During the next sixteen years Jim built upon the solid foundations that Babcock had built with his close assistance. In fact, the two men had complemented each other for since 1922 Jim had been Babcock’s right arm in making programs work. Jim’s wife, Lois, once said to me, “Ed lays the eggs and Jim hatches them”.
Although great decisions were made by the G. L. F. while Jim was General Manager, the essential farmer-controlled character of the organization remained unchanged. During his administration the wholesale business volume of the G. L. F. grew from 35 to 184 million Dollars, and the total assets of the G. L. F. system grew from 9 to 55 million dollars.
During the years of Jim McConnell’s stewardship the G. L. F. accomplished
? It simplified its highly complex structure.
? It began a program of returning savings in the form of patronage refunds.
? It developed across-the-board marketing services.
? It greatly broadened its line of supplies and services.
? It inaugurated an integrated petroleum service program.
? It made great contributions to the war effort.
? It greatly amplified its research activities.
? It developed the member-ownership plan that eventually led G. L. F. to voluntarily give up its Federal income tax exemption.
? It carried forward employee and membership education so that the morale of G. L. F. was outstanding among cooperative organizations.
These accomplishments came from a continuous ferment for improvement which was encouraged and directed by Jim McConnell. He had the gift of being able to work with all associates on a personal, friendly basis, but he was not a complacent, easy-going manager. He expected and got the best possible performance. Probably no cooperative organization ever achieved and maintained for so long a time a higher morale than G. L. Fl under Jim McConnell.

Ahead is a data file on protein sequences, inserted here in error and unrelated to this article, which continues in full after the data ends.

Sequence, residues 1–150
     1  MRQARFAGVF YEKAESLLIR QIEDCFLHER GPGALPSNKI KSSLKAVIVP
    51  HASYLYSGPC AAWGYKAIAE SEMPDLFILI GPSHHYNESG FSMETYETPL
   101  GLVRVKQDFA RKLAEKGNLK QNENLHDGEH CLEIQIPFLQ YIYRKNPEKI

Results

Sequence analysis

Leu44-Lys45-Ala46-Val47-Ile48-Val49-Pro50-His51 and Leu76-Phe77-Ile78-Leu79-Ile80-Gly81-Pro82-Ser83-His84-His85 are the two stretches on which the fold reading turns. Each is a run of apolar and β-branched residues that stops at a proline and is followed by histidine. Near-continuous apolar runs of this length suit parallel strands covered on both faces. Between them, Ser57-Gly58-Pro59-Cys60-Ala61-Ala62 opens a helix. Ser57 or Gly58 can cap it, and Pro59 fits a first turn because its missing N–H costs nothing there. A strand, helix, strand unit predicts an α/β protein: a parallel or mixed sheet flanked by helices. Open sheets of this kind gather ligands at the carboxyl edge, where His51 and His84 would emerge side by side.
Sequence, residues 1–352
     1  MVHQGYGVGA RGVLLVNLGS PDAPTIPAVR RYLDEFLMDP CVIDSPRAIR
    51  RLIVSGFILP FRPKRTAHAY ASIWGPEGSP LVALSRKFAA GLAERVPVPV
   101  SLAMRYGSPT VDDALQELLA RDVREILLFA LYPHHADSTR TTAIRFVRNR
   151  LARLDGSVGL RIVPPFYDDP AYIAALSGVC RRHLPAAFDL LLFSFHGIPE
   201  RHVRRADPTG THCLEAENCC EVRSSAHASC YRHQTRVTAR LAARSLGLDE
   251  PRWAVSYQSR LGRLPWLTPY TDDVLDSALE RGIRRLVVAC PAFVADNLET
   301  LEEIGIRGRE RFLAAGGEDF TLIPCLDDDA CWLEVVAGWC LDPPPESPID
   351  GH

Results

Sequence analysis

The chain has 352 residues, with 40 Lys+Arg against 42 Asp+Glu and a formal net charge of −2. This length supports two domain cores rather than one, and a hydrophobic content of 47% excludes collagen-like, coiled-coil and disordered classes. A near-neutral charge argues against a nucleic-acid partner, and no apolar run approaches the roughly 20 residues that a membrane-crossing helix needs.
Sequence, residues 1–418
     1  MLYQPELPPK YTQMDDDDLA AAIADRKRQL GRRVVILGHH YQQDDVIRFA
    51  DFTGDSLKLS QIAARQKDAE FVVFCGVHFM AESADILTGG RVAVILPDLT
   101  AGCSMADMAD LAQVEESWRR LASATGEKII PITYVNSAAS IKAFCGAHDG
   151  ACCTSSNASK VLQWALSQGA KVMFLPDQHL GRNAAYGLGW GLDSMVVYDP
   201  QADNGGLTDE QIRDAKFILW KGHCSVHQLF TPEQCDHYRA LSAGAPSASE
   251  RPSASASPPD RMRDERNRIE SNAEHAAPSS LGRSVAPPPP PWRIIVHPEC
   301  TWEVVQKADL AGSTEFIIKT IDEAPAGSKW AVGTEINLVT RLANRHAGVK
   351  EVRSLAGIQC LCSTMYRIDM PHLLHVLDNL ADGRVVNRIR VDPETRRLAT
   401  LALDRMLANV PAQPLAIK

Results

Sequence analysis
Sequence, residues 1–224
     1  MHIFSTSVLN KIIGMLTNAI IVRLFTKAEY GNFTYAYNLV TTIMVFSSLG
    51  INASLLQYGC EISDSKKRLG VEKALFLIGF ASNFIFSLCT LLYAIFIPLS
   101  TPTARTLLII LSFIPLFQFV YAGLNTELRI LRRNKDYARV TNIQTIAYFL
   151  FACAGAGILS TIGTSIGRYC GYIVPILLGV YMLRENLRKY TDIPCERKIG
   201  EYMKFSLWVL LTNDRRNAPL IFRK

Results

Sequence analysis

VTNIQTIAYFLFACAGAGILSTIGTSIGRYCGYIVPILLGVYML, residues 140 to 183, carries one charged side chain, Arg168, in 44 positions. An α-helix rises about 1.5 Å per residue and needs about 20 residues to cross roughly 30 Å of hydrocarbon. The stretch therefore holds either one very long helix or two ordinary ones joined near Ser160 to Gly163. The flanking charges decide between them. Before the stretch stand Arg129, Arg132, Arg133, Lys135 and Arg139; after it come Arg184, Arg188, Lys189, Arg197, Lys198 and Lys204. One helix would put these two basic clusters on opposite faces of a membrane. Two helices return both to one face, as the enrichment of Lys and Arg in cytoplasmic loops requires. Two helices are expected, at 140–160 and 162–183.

This was not all due to Jim, but it was he who gave all employees and members of the organization the feeling that they were partners in a common enterprise. The name Jim McConnell became loved and respected by all related to the G. L. F.
Jim continuously strove to keep the G. L. F. essentially democratic.
In his annual report for 1043, he said:
“The only objective of the member ownership campaign is to have a large body of stock holders, with sufficient investment on the part of each one so that they feel a sense of ownership and responsibility”.
He was very much disturbed by the general public’s misunderstanding of cooperatives and he believed that the member ownership program would demonstrate that farmers were supporting G. L. F. not only with their purchasing but with their funds.
In his 1947 annual report he said:
“If I were to pick out one central theme which has run continuously through top policy, it would be: ‘Let’s not build a G. L. F. which is so strongly centralized that its effectiveness depends on the decisions and actions of a few men at the top’”.
I have many letters from Jim which indicate his continuous searching interest to improve the G. L. F. In one letter he dealt with a criticism that I had made of one phase of G. L. F. operations which had upset certain members of his staff. He remarked, “I take it from this that the talk was well worth while”.
In another letter to me in June 1945 he said, “A cooperative without a research program and an educational program among its employees is much like a ship without a compass or a rudder. The research is the compass”.